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Microsoft’s New Surface 3 Hybrid Tablet: It’s a Terrific Value

David Pogue
Tech Critic
Yahoo Tech

When Apple unveiled the iPad — but before it went on sale — the tech press pretty much pronounced it dead on arrival. “My god, am I underwhelmed,” wrote Gizmodo. “An abysmal failure,” said the Orange County Web Design blog. “Consumers seem genuinely baffled by why they might need it,” pronounced Businessweek. Even our own Rafe Needleman, then at CNET, predicted the failure of tablets in general (he went on to become a tablet junkie).

What they all missed, of course, was a fun fact about human nature: When people are mobile, they don’t care that they don’t have all the horsepower of a PC. They’re content to read, listen, watch, browse. A much-lighter-weight computer is perfectly fine when you’re away from the desk.

But now, as smartphones get bigger and more powerful, tablet sales are slowing. So the computer industry is searching for the next big hit — and it’s keeping the portability lesson in mind. Take, for example, Microsoft’s new Surface 3.

The Surface concept

The idea sounds pretty great. The Surface 3 is a tablet with a hinged panel on the back that flips out to become a kickstand, propping the whole thing up. Throw in the Type Cover — a wafer-thin, felt-lined cover with a full keyboard and trackpad on the inside — and you’ve got yourself a reasonable facsimile of a traditional laptop. With a touchscreen.

Let’s just admit it: It’s really fun to conclude a work session by collapsing the whole thing with one hand into a handy slab to shove into your bag.

Until now, there have always been two versions of the Surface. There is the Pro version, which runs real Windows: the desktop, the taskbar, and any of the 4 million Windows programs (Quicken, Photoshop, iTunes, and so on).

And there was the original and cheaper model, the Surface RT, which could not run Windows programs — only iPad-like tablet apps, of which there weren’t very many. A middle-schooler could have told you that the RT would flop, and it did.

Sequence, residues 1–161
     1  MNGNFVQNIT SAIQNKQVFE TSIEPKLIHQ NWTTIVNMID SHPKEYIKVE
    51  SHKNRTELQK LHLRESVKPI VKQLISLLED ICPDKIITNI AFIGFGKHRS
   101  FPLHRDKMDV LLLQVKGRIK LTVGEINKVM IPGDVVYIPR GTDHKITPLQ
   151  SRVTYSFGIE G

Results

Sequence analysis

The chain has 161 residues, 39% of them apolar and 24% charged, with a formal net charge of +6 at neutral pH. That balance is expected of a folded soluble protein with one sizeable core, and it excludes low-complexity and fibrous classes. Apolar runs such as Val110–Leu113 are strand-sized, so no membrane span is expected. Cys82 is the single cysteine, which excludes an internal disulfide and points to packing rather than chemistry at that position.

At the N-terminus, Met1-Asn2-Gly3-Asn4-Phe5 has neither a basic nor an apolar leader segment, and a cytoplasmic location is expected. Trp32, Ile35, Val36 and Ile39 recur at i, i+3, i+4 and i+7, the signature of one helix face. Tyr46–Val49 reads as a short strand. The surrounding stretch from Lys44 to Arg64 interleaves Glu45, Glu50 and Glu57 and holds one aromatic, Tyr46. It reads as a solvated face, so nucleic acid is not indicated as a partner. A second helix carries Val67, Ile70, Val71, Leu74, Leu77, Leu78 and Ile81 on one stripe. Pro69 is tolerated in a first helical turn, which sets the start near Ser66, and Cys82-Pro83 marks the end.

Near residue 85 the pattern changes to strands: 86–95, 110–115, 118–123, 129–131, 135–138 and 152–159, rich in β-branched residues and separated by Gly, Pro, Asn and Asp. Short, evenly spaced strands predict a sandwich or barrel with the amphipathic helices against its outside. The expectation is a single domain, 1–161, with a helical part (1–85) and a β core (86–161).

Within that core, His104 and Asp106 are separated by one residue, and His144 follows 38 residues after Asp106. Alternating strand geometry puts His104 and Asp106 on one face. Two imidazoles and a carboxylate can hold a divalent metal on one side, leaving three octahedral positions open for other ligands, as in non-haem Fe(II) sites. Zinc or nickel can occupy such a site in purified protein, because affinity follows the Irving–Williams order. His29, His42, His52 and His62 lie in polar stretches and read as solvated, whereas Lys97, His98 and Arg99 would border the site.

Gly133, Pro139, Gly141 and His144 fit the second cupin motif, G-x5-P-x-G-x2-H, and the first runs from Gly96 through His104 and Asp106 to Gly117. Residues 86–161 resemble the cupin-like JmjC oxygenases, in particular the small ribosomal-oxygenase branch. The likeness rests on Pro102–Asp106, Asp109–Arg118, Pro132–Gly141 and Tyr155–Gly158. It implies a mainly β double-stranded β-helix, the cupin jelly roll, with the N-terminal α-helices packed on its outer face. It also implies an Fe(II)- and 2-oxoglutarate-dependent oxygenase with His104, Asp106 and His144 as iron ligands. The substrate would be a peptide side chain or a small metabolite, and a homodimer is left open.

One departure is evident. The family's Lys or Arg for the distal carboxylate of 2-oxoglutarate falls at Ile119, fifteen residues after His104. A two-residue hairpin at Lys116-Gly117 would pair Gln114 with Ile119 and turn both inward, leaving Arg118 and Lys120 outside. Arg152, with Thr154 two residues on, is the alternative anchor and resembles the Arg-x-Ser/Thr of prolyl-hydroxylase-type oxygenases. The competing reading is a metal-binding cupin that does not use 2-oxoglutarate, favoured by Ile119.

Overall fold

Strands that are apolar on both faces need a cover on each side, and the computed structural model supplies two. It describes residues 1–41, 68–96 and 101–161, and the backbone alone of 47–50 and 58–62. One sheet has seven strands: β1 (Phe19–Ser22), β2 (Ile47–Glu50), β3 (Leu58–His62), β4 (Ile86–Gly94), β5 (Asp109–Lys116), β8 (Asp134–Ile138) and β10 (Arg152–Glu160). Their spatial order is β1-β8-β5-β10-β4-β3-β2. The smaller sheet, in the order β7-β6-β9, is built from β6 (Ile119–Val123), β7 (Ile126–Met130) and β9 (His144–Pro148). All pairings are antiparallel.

This week, Microsoft quietly introduced the successor to the RT and the similar Surface 2, simply called the Surface 3. It’s a smaller, lighter, thinner, slower version of the Surface Pro 3, which Microsoft introduced last year — and, with a $500 price tag, much less expensive. (Here’s my review of the Pro 3. Might be worth a skim.)

To keep the price down, Microsoft made a few changes. The screen is 10.8 inches diagonal instead of 12.

The processor inside is the new Intel Atom x7, which isn’t as fast as the i3, i5, or i7 chip inside the Pro or almost any other laptop. The primary penalty you’ll pay is the time it takes to open programs. It takes a long time: with some, 10 seconds or more. 

Once you’re in them, though, you don’t notice much speed difference. Word, PowerPoint, Excel, Netflix, OneNote, Maps, Skype — all of them run smoothly. Just don’t think you’re going to be doing much gaming and 3D modeling on this puppy.

Sadly, the Surface’s power brick no longer harbors a second USB jack for charging your phone or something else, as the Pro’s does. And the new Surface’s kickstand snaps to your choice of three angles, rather than being infinitely adjustable. 

On the other hand, in some ways, the new Surface is better than the Pro. For one thing, the 1.8-pound Pro can be unwieldy to hold in one hand for a long time. At 1.4 pounds, the new model is much more handy.

You could argue that the cameras are better, too — 8 megapixels on the back with autofocus, 3.5 megapixels on the front (the Pro has the same 5-megapixel camera on the front and back).

The Surface gets 10-hour battery life instead of 9. And its power cord connects with a micro USB jack, the same one that charges up non-Apple phones and tablets. That means you can now use the same charging cord for your “laptop” and your other devices. You could make the Surface a parasite and charge it from the USB jack of another computer, if you wanted to, although it charges much faster from a wall outlet.